Parents' Guide to

Finding You

By Tara McNamara, Common Sense Media Reviewer

age 10+

Pleasant romance about self-discovery has some drinking.

Movie PG 2021 115 minutes
Finding You Poster Image

A Lot or a Little?

What you will—and won't—find in this movie.

Community Reviews

age 11+

Based on 4 parent reviews

age 10+

A Rare Family-Friendly Movie!

I’m an adult who does not have kids—but if I did, I would let them watch this! It’s rare to find a movie these days that has positive messages and is entirely free from explicit/inappropriate content, while also being well-written and entertaining. It’s far less cheesy and predictable than most romance movies out there!
age 10+

Is It Any Good?

Our review:
Parents say (4 ):
Kids say (2 ):

Call this a "starter romance": a sweet story that's low on lovey-dovey stuff and more about growing up. It's actually less romantic than many Disney animated princess movies, although Finley (Reid) is just a few degrees away from Belle in Beauty and the Beast: She's grounded and not interested in distractions from her scholarly pursuits. And the movie's "prince," Beckett, starts out much like Gaston: He's an arrogant man about town who's used to having admirers fall over him. But the more Finley allows Beckett into her life, like The Beast, the more we see him for who he is. That might make for an enchanting animated fable, but in a modern-day live-action film, it's a little troubling. Yes, digging deeper to look past people's facades is a great message. But these days, most parents usually hope that their kids will realize that if a potential love interest looks and acts like a narcissist, it's in their best interest to not get involved.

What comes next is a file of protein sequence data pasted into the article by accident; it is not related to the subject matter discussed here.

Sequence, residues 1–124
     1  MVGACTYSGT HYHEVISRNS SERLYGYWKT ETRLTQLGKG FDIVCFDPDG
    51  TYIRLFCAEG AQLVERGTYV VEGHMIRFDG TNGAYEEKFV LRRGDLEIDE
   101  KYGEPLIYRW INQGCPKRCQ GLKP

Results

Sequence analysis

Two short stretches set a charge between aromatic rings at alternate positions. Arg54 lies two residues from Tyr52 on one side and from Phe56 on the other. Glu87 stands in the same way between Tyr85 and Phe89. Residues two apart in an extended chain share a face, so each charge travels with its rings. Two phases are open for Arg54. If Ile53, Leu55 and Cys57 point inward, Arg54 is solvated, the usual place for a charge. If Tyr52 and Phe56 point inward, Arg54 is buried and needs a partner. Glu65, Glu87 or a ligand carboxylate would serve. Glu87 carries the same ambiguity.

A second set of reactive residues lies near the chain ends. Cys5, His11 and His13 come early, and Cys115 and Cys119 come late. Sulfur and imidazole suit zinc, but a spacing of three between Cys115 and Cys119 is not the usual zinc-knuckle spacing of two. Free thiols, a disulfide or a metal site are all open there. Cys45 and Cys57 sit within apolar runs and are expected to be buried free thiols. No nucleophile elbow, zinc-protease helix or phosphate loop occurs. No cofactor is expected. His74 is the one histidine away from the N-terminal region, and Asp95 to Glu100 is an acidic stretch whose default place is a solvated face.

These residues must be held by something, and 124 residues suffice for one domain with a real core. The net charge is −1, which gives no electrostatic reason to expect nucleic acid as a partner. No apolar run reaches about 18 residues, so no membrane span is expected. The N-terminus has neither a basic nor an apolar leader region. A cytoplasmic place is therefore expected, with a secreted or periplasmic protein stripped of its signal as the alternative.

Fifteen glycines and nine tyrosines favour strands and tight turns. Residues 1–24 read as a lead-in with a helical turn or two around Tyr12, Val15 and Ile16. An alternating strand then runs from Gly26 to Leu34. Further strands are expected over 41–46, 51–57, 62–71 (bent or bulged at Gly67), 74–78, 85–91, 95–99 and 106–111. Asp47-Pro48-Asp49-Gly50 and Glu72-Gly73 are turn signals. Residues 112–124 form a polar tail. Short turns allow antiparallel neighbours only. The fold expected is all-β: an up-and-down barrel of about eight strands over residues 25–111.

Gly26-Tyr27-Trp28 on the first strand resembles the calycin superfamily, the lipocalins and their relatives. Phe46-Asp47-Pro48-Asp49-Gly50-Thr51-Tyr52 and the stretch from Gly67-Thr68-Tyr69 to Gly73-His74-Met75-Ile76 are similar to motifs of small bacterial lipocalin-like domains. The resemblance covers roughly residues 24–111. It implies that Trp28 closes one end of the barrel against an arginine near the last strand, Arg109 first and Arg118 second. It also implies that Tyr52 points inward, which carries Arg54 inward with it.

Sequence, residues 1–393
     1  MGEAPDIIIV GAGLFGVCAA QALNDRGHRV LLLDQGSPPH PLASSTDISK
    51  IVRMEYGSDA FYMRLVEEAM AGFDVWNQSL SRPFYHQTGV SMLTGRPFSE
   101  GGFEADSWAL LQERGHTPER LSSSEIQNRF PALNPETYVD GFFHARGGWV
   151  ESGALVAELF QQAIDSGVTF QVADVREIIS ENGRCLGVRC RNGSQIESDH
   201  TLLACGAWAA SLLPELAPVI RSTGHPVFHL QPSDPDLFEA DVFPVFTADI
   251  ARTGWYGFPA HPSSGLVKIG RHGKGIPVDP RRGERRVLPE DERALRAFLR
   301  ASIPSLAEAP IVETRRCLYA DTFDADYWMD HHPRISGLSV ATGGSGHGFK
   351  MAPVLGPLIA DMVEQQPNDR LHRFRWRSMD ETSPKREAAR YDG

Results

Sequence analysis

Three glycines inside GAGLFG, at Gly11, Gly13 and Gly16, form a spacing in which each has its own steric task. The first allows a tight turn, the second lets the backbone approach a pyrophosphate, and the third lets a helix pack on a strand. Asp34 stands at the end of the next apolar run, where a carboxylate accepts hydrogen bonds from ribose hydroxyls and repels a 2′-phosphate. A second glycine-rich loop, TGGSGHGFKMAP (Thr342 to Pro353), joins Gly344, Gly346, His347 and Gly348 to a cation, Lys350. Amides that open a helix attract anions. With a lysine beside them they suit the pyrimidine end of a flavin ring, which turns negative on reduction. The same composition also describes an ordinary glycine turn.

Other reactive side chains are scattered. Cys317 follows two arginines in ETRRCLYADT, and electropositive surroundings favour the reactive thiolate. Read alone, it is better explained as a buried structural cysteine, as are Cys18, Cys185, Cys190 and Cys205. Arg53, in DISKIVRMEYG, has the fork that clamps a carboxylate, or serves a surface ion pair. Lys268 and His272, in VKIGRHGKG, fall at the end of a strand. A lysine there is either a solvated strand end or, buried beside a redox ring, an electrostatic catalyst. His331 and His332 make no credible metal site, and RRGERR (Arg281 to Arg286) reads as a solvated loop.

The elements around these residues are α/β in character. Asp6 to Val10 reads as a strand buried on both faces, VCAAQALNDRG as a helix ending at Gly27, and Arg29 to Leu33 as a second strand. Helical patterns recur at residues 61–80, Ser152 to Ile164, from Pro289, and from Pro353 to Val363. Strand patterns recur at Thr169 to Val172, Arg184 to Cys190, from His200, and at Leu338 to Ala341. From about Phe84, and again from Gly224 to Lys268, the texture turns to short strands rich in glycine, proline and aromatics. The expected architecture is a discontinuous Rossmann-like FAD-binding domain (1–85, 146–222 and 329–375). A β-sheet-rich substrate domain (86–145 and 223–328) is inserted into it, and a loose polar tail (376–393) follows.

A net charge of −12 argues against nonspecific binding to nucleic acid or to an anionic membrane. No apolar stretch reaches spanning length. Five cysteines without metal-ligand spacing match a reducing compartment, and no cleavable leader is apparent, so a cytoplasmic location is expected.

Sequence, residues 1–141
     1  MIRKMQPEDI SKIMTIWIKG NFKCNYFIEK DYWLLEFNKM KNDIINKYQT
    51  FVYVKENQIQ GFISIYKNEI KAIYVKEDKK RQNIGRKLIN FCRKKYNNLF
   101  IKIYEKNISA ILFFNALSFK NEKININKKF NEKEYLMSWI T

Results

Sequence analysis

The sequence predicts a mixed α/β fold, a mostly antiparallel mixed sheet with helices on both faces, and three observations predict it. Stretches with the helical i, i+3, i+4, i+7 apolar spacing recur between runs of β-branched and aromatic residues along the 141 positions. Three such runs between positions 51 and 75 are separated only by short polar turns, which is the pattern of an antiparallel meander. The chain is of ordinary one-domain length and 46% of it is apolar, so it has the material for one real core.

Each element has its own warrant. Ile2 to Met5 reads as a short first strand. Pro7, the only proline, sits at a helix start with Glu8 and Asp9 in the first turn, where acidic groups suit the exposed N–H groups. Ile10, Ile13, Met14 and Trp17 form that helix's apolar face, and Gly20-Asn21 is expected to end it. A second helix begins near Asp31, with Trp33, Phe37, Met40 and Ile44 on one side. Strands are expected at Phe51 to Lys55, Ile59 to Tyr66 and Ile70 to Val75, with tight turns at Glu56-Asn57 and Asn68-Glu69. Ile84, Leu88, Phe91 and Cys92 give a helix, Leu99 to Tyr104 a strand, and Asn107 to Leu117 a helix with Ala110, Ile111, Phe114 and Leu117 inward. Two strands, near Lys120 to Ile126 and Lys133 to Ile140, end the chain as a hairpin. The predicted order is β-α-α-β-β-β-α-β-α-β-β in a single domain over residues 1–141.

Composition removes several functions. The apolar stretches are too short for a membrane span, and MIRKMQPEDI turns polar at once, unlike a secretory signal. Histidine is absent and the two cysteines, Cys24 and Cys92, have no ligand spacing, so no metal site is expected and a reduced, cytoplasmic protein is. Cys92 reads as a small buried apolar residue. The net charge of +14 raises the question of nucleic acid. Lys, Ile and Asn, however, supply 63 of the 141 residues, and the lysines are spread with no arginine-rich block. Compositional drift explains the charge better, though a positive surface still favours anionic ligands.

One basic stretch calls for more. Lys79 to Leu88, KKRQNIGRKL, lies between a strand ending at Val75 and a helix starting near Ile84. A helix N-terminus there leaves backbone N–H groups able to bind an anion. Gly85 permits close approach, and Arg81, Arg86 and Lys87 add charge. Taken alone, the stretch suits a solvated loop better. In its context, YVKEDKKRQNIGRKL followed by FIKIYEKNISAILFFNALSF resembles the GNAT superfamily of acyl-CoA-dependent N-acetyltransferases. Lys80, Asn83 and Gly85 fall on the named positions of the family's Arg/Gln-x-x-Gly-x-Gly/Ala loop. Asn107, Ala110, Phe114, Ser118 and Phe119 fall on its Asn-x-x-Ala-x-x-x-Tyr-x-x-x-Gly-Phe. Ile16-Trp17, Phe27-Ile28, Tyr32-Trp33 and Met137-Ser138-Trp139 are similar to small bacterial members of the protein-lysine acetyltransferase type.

Finding You is full of discoveries, like a smartly assembled cast and the beauty of Ireland. It offers an escape for families longing to visit ancient lands with captivating castles and grass that's blindingly green. The subplot about a medieval, dragon-slaying fantasy film being shot in the castles near Carlingford is a clever use of the space. While not all of it makes sense, Beckett's dad/manager has tight control over the life of his son, which introduces elements of critical thinking for kids who might realize that fame and fortune have a price. Finding You works both for families seeking out faith-based films and for those who aren't interested. One of the movie's faith-based elements has a mic-drop moment, but it happens without a single line of dialogue and isn't jarring or forced. Bottom line? As a piece of entertainment, you're likely to find that you get more out of this film than you might have expected.

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